Vivek Menon at Danfoss: Building a Teal Bubble in a Large Company

In: BlogDate: Apr 13, 2022By: Henry Stewart

I am often asked whether you can build happy trust-based workplaces within a larger more hierarchical organisation. So I was very interested to hear about the eSteering team at Danfoss, a 120 person unit within a 40,000 strong company.

Vivek Menon, a Senior Director at the Danish company Danfoss, explained at the Teal Around the World Conference how they created a culture of trust and freedom. Vivek will be speaking at the 2022 Happy Workplaces Conference.

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A Teal organisation is one that moves beyond Orange (a hierarchical organisation) and Green (where there is some level of empowerment) to fully self-managing organisations. It was promoted by Frederick Laloux in Reinventing Organisations.

"It works if you can deliver on the KPIs," explains Vivek. The eSteering division ("the Tesla of off-road vehicles") beat every target they set, including in Corona times, and achieved 24% CAGR (Compound Annual Growth Rate) — almost tripling profit in five years.

One key element was to split leadership between functional leadership and people roles. On the people side, they have 'sparring partners' and people nominate themselves to play this role.

They now have 13 sparring partners, where previously they had 5 managers. It might be somebody with specialist knowledge, sometimes quite young, who you go to for sparring on those topics.

"Self-organising is not about no leadership, it is about more leadership. About everybody stepping up to take more leadership."

Key is to decentralise the power traditionally held by the Project Manager. Based on Holocracy, the team created 'lead links' at a lower level but with full accountability.

"My leadership style is now based on influencing, not on telling people what to do. The team decides who has accountability — not me. You need to fall in love with the result not the way, and be ready to keep adjusting.

"Start with yourself. You may have learnt leadership in a traditional way. You need to change to more of an influential, coaching facilitative style, for your personal journey of transformation.

"Instead of traditional performance management we train people to give and receive feedback. The people who best know somebody’s performance is their peers, much clearer than the manager. In round 1 and round 2 of providing feedback people did find it difficult but by round 5 they felt comfortable.

"It's about taking self-ownership. Each person decides what they take as actions, they are responsible for their development. 3 months or 6 months later, they are giving the report on their responsibility. Not the manager.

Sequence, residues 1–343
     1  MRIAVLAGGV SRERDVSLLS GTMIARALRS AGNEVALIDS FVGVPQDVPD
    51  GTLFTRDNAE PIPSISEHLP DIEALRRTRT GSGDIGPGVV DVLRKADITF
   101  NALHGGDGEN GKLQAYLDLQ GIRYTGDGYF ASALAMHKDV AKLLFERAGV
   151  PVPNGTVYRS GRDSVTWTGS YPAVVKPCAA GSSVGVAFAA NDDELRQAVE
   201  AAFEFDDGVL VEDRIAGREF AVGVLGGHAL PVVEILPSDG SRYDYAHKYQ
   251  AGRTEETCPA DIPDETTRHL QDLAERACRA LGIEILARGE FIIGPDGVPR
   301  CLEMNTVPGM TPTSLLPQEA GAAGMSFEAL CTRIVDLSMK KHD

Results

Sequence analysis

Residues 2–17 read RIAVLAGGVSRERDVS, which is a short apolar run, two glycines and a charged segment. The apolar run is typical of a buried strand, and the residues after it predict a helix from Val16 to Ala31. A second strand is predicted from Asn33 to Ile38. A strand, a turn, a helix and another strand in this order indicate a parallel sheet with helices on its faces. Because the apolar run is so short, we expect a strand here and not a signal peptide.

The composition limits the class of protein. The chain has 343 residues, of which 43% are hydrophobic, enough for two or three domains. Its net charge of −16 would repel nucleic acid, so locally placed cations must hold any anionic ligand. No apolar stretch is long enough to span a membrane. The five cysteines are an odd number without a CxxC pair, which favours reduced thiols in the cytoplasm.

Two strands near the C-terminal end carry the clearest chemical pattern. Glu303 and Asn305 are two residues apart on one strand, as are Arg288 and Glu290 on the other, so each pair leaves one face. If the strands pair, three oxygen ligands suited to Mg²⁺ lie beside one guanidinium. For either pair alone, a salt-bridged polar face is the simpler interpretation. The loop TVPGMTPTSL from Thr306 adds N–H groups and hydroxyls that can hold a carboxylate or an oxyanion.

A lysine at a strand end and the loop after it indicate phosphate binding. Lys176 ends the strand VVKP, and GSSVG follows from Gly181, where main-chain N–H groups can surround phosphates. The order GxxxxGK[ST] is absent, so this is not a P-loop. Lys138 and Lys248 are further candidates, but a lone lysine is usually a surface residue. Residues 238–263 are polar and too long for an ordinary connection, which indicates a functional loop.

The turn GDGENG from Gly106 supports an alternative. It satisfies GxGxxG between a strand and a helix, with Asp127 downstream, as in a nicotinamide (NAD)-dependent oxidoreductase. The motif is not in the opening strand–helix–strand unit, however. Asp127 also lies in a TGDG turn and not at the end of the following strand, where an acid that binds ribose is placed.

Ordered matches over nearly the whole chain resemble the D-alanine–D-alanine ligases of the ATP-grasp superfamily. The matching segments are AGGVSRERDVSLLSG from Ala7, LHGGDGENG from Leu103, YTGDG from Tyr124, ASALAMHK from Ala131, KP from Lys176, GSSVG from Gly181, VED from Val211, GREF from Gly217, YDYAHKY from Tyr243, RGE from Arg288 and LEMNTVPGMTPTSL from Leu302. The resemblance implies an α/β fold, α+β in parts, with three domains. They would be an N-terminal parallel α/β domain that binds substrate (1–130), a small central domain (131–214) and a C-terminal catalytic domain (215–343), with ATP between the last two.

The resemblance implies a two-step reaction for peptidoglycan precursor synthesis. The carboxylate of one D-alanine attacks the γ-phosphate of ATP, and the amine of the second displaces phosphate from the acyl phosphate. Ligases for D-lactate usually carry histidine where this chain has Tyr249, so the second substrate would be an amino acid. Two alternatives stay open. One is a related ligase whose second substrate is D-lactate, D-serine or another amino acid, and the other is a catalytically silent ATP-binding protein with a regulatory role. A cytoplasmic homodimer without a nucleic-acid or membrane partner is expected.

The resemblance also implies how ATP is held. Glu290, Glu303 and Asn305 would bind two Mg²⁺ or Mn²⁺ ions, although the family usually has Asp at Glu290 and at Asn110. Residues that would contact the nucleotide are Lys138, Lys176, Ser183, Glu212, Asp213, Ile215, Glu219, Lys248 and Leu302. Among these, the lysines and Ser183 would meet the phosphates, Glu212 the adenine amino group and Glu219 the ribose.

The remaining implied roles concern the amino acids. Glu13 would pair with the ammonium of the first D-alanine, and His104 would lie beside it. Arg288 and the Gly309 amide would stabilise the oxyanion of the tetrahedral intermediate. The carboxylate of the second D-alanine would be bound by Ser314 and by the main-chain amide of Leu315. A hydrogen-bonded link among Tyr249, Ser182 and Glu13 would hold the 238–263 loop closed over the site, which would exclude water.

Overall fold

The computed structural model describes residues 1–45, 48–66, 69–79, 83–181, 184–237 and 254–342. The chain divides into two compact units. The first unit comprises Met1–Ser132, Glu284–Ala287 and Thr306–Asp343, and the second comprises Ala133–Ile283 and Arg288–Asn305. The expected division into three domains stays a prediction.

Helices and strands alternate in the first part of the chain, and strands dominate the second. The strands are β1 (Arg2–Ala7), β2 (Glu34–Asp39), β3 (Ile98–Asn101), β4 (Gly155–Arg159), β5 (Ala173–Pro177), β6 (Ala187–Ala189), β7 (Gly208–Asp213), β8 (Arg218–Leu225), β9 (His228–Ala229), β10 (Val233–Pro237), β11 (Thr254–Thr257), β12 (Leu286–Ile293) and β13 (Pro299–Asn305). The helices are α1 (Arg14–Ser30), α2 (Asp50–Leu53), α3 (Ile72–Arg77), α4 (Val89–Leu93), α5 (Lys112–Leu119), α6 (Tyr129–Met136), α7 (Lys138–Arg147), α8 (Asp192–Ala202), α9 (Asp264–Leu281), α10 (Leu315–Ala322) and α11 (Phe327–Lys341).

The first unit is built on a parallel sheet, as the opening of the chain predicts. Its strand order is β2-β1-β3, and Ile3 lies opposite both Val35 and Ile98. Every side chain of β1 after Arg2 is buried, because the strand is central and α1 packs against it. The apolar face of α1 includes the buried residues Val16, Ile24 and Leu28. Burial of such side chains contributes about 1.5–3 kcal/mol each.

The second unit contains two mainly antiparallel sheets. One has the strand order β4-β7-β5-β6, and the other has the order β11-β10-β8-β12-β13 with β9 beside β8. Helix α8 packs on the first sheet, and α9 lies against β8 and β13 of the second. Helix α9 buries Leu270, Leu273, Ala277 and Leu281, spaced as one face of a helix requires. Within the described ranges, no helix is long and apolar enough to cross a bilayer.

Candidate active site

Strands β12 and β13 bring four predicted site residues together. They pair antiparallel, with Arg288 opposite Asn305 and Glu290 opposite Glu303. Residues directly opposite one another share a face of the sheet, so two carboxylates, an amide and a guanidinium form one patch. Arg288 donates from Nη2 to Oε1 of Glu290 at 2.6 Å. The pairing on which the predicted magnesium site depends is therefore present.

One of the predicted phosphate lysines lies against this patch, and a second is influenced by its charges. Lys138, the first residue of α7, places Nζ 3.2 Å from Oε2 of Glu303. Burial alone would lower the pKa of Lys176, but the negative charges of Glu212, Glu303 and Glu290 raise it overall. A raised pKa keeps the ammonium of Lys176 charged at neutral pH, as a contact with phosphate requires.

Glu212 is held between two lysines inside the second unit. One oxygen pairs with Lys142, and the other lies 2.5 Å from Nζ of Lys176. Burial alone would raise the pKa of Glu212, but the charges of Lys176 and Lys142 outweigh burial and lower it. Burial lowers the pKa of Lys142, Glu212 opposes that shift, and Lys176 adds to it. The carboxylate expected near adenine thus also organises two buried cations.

"To get real ownership you start with trust and transparency. Financial transparency is crucial. Every month we hold a town hall meeting on how the business is doing. We want to get the engineers to understand their role in the overall P&L. We want them to see where they have spent and where things have been delayed, so they can get creative. We want people to run it like they were running their own business."

On hiring the whole team is involved, rather than just the people manager. This especially helps teams to integrate the newcomer better. On meetings they avoid the HIPPO (Highest Paid Person's Opinion) syndrome and use circle time, where everybody speaks once in each circle. On conflict management everybody is trained in conflict resolution so there is no need to move it up to a manager.

There are some challenges for people from the larger organisation. "They will say 'I want to talk to a Director of the team'. And we will say, we will give you the person with the accountability for that project.

"One of our young engineers went to a group meeting for digital customer feedback. Everybody else was a director, he had just been there two years. I explained, 'Yes, but you actually know much more than many of them. They may be 25 years in the company but they are not digital. You are digital first.'"

As well as the strong financial performance, the eSteering team does well on employee engagement, which is measured across Danfoss. The employee NPS ('how likely would you be to recommend this department to a colleague') is 30 pts higher than the division.

"Too many leaders get dragged into operational decisions. Here we have clear goals and clear accountability so I can free up my time as a leader to think longer term. I get to do what I think I want to do, but that most leaders cannot do."

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Henry Stewart, Founder and Chief Happiness Officer

Henry is founder and Chief Happiness Officer of Happy Ltd, originally set up as Happy Computers in 1987. Inspired by Ricardo Semler’s book Maverick, he has built a company which has won multiple awards for some of the best customer service in the country and being one of the UK’s best places to work.

Henry was listed in the Guru Radar of the Thinkers 50 list of the most influential management thinkers in the world. "He is one of the thinkers who we believe will shape the future of business," explained list compiler Stuart Crainer.

His first book, Relax, was published in 2009. His second book, the Happy Manifesto, was published in 2013 and was short-listed for Business Book of the Year.

You can find Henry on LinkedIn and follow @happyhenry on Twitter.

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